List of results implied by the Riemann Hypothesis
From Polymath1Wiki
This is a partial list of potentially useful results conditional on the Riemann Hypothesis (RH) or the Generalized Riemann Hypothesis (GRH).
Conditional on RH
All of the results listed below are known to be true assuming the Riemann hypothesis. It should be stressed that none of these results are known to be true unconditionally, although weaker versions of most of them are known.
- Prime gaps. Let [math]p_n[/math] denote the nth prime. Then [math]p_{n+1}-p_n = O(\sqrt{p_n} log(p_n))[/math].
- Primes in intervals. Related to the above result. There is always a prime in the interval [math][n, n + O(\sqrt{n} log(n))][/math].
- Strong-form algorithm. As a result of the above, there is an algorithm with running time [math]O(k(10^k)^{1/2})[/math] that locates a prime number with at least k digits (with an oracle for testing primality).
- Distribution of prime logarithms. Let K be the set of logarithms of the primes in the interval [math][S, 2S][/math]. Then the Fourier coefficients of K have size at most about [math]S^{-1/2}[/math] up to logarithmic factors.
- Distribution of square-free numbers. Let [math]Q(n)[/math] be the number of square-free numbers less than or equal to n. Then [math]Q(n) - \frac{6}{\pi^2}n = O(n^{17/45 + \epsilon})[/math] for all [math]\epsilon \gt 0[/math].
Conditional on GRH
All of the results listed below are known to be true assuming the generalized Riemann hypothesis. Again, we stress that none of these results are known to be true unconditionally, nor even assuming the (standard) Riemann hypothesis.
- Strong-form algorithm. It may be possible, using the W-trick, to obtain a slightly faster algorithm that locates a prime number of at least k digits than the one assuming the standard RH.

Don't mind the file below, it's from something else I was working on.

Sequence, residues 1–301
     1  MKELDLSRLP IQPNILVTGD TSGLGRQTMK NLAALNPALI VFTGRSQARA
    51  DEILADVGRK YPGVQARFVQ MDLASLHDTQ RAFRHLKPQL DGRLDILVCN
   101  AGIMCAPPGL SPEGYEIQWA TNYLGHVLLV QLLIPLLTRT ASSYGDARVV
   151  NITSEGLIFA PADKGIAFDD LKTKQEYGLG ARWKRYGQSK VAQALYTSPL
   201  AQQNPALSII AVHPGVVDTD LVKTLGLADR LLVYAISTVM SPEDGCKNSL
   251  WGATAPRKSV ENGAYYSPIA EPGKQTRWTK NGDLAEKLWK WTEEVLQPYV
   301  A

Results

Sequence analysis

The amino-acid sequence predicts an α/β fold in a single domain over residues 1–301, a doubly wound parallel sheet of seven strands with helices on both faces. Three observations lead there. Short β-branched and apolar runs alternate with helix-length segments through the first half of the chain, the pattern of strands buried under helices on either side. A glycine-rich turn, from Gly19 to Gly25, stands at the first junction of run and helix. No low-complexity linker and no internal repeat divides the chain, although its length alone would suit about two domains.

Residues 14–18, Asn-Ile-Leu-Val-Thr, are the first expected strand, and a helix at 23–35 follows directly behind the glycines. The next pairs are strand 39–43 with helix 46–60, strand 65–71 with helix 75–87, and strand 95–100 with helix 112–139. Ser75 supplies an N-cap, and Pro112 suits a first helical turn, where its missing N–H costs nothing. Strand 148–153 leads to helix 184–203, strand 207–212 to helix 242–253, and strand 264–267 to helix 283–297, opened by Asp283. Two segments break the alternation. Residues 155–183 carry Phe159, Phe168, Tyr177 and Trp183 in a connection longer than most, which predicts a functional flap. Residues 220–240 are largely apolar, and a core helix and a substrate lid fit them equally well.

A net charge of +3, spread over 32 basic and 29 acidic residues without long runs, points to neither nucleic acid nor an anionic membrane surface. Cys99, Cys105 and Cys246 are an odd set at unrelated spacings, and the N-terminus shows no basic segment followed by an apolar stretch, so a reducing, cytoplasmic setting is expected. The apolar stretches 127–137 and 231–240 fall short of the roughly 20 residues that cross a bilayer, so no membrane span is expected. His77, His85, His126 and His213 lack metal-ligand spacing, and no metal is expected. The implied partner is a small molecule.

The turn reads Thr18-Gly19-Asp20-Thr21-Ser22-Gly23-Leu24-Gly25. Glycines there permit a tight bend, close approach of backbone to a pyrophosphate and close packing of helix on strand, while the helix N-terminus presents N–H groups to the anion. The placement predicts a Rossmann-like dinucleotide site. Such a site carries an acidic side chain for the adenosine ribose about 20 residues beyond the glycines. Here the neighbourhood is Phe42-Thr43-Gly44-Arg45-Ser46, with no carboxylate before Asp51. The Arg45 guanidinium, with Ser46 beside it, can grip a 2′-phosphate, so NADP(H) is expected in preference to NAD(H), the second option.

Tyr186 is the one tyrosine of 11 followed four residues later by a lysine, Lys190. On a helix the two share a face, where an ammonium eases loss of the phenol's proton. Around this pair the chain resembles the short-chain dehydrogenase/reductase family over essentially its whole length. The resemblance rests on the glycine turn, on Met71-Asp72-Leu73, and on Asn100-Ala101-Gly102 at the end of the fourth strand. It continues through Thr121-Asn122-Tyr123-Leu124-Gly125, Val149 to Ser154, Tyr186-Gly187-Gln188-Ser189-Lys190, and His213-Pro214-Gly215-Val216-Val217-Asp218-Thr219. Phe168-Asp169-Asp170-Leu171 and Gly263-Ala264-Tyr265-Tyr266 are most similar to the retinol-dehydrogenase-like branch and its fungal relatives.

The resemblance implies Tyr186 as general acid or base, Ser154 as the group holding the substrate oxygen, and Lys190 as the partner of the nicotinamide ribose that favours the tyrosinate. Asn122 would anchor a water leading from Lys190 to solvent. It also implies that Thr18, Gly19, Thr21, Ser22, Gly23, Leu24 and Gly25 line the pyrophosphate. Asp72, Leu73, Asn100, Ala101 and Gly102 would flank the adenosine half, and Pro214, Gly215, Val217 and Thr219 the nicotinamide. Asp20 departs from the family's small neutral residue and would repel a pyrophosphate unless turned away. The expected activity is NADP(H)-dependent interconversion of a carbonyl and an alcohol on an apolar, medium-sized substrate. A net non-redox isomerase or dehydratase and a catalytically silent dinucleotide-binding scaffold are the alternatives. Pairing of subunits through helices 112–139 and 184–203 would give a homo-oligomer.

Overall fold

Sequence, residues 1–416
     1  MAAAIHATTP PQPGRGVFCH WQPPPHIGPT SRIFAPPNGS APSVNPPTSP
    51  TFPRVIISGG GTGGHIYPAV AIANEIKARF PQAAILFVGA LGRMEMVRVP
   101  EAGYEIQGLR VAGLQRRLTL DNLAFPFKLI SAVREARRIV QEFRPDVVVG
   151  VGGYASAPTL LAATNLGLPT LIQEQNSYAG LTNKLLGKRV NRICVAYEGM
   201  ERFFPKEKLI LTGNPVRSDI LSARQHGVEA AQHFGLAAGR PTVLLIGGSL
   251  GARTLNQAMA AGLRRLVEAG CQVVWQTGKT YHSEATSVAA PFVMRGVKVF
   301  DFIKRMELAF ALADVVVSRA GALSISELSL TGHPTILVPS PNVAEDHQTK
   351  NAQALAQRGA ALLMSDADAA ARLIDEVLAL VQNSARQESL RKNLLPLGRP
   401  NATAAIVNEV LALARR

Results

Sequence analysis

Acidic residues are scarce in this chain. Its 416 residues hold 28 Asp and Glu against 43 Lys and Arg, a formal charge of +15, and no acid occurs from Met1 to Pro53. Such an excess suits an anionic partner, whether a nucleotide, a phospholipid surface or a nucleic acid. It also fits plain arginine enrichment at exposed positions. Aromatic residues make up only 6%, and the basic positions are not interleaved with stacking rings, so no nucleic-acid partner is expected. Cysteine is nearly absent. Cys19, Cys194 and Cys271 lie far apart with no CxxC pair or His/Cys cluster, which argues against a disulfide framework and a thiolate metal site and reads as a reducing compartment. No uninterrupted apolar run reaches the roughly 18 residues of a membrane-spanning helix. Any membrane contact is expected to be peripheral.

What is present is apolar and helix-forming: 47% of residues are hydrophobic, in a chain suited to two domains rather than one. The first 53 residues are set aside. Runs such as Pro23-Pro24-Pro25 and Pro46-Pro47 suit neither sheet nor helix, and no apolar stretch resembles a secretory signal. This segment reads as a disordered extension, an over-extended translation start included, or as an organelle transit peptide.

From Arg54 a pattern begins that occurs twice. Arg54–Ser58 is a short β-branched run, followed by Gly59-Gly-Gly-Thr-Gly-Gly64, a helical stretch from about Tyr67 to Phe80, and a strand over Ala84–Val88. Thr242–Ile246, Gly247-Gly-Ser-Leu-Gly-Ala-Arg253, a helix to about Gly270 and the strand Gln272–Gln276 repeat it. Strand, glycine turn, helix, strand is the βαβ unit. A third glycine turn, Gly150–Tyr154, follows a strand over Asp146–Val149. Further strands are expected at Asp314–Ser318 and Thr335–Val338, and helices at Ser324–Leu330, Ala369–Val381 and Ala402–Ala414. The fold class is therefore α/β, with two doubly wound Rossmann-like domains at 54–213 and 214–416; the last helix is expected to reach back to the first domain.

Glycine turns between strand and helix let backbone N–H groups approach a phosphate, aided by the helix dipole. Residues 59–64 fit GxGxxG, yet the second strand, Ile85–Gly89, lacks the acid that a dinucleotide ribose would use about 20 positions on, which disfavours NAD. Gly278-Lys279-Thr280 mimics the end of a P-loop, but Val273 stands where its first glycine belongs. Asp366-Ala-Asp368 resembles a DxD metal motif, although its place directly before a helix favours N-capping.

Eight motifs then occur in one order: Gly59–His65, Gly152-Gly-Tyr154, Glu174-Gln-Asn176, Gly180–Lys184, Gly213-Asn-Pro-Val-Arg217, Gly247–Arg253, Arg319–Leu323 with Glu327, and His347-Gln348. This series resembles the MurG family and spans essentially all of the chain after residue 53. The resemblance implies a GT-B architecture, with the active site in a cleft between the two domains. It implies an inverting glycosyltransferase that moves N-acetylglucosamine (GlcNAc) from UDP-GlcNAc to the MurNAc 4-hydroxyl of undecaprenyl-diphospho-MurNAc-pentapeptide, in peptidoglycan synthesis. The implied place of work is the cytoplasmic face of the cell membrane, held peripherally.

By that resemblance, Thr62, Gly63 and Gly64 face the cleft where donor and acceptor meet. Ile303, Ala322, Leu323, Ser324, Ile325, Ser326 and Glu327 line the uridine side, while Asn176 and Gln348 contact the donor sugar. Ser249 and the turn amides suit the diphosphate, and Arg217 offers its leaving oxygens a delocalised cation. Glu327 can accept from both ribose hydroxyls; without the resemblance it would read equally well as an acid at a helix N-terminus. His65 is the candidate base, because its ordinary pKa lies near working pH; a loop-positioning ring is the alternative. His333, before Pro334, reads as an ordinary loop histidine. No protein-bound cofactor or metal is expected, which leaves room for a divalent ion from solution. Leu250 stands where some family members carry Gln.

- Primitive roots. Let p be an odd prime. Then the smallest primitive root (mod p) has order [math]O(log^6(p))[/math].
- Generating the multiplicative group (mod p). Let p be an odd prime. Then the multiplicative group (mod p) [math](Z/pZ)*[/math] is generated by its elements of size [math]O(log^2(n))[/math]. If the logarithm is natural, we can take 2 as the implied constant.
- Primality testing. As a result of the above, there is a deterministic polynomial-time form of the Miller-Rabin primality test. Until the AKS algorithm was discovered, this was the best known candidate for a deterministic polynomial-time algorithm to test primality.
- Square roots mod p. Let p be an odd prime and n be a quadratic residue (mod p). Then the Shanks-Tonelli algorithm is a deterministic polynomial-time algorithm to compute a solution to [math]x^2 \equiv n \pmod{p}[/math].
References
- Bach, Eric; Shallit, Jeffrey (1996), Algorithmic Number Theory (Vol I: Efficient Algorithms), Cambridge: The MIT Press, ISBN 0-262-02045-5
- Jia, Chao Hua. "The distribution of square-free numbers", Science in China Series A: Mathematics 36:2 (1993), pp. 154–169.